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Passionate about Infection Protection

In keeping with Eisenhower Medical Center's five-star commitment for our patients, families and friends, we provide a culture of safety by ensuring clinical excellence and infection prevention.

Eisenhower Medical Center has created and adopted protocols in each area of patient safety. These include protocols to prevent hospital acquired infections including surgical site infections, central line associated blood stream infections, ventilator associated pneumonia, catheter associated urinary tract infections, and clostridium difficile infections.

“Eisenhower does a better job than any hospital I’ve ever been in with infection control,” says Eisenhower’s Chair of the Department of Surgery, Scott Gering, MD, Board Certified, General and Colon/Rectal Surgery, Eisenhower Medical Center. “I’ve never seen a hospital that’s been as diligent at monitoring surgical site infections or preventing them.” In fact, Eisenhower Medical Center has been recognized for its patient safety numerous times over the past decade.

Surveillance and Prevention
“At Eisenhower, we’re very active about surveillance and prevention,” says Massoud Dezfuli, DO, Board Certified in Infectious Disease. “As a result, our infection rates in colorectal, spine, hip and knee and open heart surgeries are better than the national benchmark.”

According to Nancy Thompson, RN, Infection Preventionist, the success of infection prevention at Eisenhower is the result of a well coordinated team effort throughout the hospital, which includes a hospital-wide hand washing initiative. “The Infection Prevention Team monitors staff on a daily basis,” notes Thompson. “We also encourage all employees, patients, and families to help each other and be proactive so we can have full compliance with hand hygiene.”

Thompson randomly performs swab checks on high-touch areas (keyboards, counters, telephones, bed rails, door knobs) throughout the hospital, with an emphasis on patient rooms, surgical areas, central supply and all other patient care areas. Cleaning products are also evaluated and changed periodically to prevent organisms from becoming resistant.

“Eisenhower does a better job than any hospital I've ever been in with infection control.”
—Dr. Scott Gering

Dana Francis, Director, Environmental Services, plays an active surveillance role in infection prevention. “We swab the operating rooms and patient rooms, paying special attention to high-touch points in a patient room,” says Francis. “We do random checks in freshly cleaned operating rooms and the results have been fantastic. Our goal is to be under 500 parts (organisms) per million and we consistently exceed this goal.”

“Organisms are everywhere,” explains Dr. Gering. “We want to make sure we keep the healthy bacteria alive and reduce or eliminate the ones that make us ill.”

“Our physicians and our staff want to do the right thing,” says Lynn Hart, Vice President, Quality and Resource Management. “If we discover a problem, we look for the root of that problem, implement new procedures and educate our staff about the preferred method. When we explain the reason for initiating a change, the staff is quick to respond and to follow through. They want to do what is best for our patients.”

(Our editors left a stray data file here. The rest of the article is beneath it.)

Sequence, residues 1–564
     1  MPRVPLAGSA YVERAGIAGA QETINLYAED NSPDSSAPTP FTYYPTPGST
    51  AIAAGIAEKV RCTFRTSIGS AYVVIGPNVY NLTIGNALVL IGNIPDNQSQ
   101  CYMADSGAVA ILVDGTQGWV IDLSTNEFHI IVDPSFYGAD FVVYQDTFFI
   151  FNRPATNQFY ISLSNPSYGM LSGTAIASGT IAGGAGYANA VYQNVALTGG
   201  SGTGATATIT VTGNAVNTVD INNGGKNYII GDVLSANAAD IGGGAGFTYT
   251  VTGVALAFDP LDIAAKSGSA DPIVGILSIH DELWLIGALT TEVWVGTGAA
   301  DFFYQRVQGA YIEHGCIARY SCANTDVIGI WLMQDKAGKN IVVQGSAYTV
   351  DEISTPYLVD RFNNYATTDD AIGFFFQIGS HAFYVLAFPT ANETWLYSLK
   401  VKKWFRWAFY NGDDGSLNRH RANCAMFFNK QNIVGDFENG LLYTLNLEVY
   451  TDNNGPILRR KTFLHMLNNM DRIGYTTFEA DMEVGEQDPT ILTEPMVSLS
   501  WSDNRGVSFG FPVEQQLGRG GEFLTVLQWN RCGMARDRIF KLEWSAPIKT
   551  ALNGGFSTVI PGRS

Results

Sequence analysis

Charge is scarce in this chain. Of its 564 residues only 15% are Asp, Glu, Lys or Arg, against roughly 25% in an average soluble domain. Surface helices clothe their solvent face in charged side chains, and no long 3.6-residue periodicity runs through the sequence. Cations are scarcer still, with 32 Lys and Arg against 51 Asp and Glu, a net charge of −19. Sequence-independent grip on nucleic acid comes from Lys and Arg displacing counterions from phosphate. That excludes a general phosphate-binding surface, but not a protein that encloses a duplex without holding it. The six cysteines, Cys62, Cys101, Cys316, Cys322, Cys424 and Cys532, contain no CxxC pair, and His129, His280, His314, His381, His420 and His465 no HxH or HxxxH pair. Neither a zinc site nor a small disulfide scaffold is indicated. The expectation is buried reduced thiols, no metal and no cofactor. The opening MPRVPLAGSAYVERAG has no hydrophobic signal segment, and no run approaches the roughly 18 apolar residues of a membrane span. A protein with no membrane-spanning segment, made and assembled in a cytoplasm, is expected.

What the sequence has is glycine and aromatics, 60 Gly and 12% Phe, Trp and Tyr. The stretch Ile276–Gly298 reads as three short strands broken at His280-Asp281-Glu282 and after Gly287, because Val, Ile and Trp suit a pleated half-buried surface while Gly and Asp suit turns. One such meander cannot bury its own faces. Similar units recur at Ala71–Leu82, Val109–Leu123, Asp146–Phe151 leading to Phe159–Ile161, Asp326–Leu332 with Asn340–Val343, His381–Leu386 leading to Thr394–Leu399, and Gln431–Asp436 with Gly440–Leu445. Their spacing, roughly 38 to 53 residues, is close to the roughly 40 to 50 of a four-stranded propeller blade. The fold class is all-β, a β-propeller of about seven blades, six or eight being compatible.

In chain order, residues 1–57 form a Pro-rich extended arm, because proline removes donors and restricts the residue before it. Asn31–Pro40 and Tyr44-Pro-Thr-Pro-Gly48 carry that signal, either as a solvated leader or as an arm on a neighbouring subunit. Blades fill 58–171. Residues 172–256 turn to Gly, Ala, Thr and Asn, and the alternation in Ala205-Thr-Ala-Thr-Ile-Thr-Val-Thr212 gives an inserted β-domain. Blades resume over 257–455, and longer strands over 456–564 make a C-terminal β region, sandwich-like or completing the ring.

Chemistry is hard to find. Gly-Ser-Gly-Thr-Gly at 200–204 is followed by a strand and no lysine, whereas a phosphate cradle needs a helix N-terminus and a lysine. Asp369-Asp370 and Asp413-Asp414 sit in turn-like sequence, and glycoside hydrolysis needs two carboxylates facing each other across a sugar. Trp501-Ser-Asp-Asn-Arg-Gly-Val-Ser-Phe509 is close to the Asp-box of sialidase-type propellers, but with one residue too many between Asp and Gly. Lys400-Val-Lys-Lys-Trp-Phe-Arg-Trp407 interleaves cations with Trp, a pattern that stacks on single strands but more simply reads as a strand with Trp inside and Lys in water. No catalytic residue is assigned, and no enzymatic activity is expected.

National Standards
Eisenhower follows the Center for Medicare and Medicaid Services core measures which are updated every six months. One of the core measures, The Surgical Care Improvement Project, implemented in 2006, encourages the use of prophylactic antibiotics for certain surgical patients. For example, patients that receive prophylactic antibiotic one hour prior to surgery have a reduced chance of infection. Discontinuing the antibiotic 24 hours after surgery prevents the build up of antibiotic resistance in the patient.

In addition, “We have an antimicrobial stewardship program that helps determine the appropriate antibiotic to be used,” says Dr. Dezfuli. “For a given type of surgery, there’s an appropriate perioperative antibiotic. We also follow national recommendations.”

Infection Rates
How Eisenhower Compares

Eisenhower reports all Hospital Acquired Infections (HAI) to the National Healthcare Safety Network (NHSN). NHSN’s latest available pooled mean for the risk category in which Eisenhower Medical Center falls is presented here with Eisenhower’s most recent data.

-NHSN benchmark for hip and knee surgery: 2.0
 Eisenhower 2011 annual rate: 0.87

-NHSN benchmark for open heart surgery: 1.84
 Eisenhower 2011 annual rate: 0.85

-NHSN benchmark for spine surgery: 2.3
 Eisenhower 2011 annual rate: 0.37

-Central Line Associated Blood Stream Infections (CLABSI) per 1,000 patient days

      NHSN Medical/Surgical benchmark: 1.0
      Eisenhower 2011 annual rate: 0.58

      NHSN Critical Care benchmark: 1.3
      Eisenhower 2011 annual rate: 0.25


The California Department of Public Health (CDPH) Center for Health Care Quality utilizes its Healthcare Associated Infections Program to present data on a number of infections acquired in health care settings
.

The following is a sampling of data from 2009/2010 (the most recent data available) that was submitted to the CDPH.

Clostridium difficile or C. diff rate per 10,000 inpatient days

Arrowhead Regional Medical Center . . . . . . . . . . .. . . 2.4

Eisenhower Medical Center . . . . . . . . . . . . . . . . . . . .  4.2

UC Irvine Medical Center. . . . . . . . . . . . . . . .. . . . . . . . . 5.4

Long Beach Memorial Medical Center . . . . . . . . . . . . 5.7

Cedars-Sinai. . . . . . . . . . .  . . . . . . . . . . . . . . . . . . . . . . . 7.5

HOAG Memorial Hospital. . . . . . . . . . . . . . . . . . . . . . . . 7.8

UCSD, John M. and Sally B. Thornton Hospital. . . . . 7.8

Loma Linda University Medical Center. . . . . . . . . .  . 11.8

USC University Hospital. . . . . . . . . . . . . . . . . . . . . . . . 19.0